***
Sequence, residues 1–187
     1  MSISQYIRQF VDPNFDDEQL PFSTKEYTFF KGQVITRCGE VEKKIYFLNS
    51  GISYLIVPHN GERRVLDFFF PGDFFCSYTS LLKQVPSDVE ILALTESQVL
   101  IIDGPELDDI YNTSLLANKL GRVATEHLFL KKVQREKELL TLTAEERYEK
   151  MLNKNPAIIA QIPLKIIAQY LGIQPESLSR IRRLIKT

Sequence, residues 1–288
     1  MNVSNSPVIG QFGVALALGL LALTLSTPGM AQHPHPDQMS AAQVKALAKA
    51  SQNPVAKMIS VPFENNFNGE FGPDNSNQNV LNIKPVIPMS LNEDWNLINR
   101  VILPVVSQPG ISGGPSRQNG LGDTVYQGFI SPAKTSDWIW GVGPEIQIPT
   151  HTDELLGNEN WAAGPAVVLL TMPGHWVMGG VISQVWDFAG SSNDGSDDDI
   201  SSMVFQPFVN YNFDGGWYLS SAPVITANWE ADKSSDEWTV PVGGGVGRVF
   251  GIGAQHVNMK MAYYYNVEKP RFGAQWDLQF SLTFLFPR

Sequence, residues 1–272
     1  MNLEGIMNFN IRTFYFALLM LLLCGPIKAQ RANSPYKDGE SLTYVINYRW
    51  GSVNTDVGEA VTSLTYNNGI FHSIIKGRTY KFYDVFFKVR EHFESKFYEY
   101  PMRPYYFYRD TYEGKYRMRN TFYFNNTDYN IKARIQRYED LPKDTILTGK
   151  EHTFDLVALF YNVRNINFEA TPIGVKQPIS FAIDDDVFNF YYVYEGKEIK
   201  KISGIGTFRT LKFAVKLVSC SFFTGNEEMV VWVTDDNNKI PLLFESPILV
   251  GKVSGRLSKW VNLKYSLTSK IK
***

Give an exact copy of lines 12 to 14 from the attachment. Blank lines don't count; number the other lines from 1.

   251  GIGAQHVNMK MAYYYNVEKP RFGAQWDLQF SLTFLFPR

Sequence, residues 1–272
     1  MNLEGIMNFN IRTFYFALLM LLLCGPIKAQ RANSPYKDGE SLTYVINYRW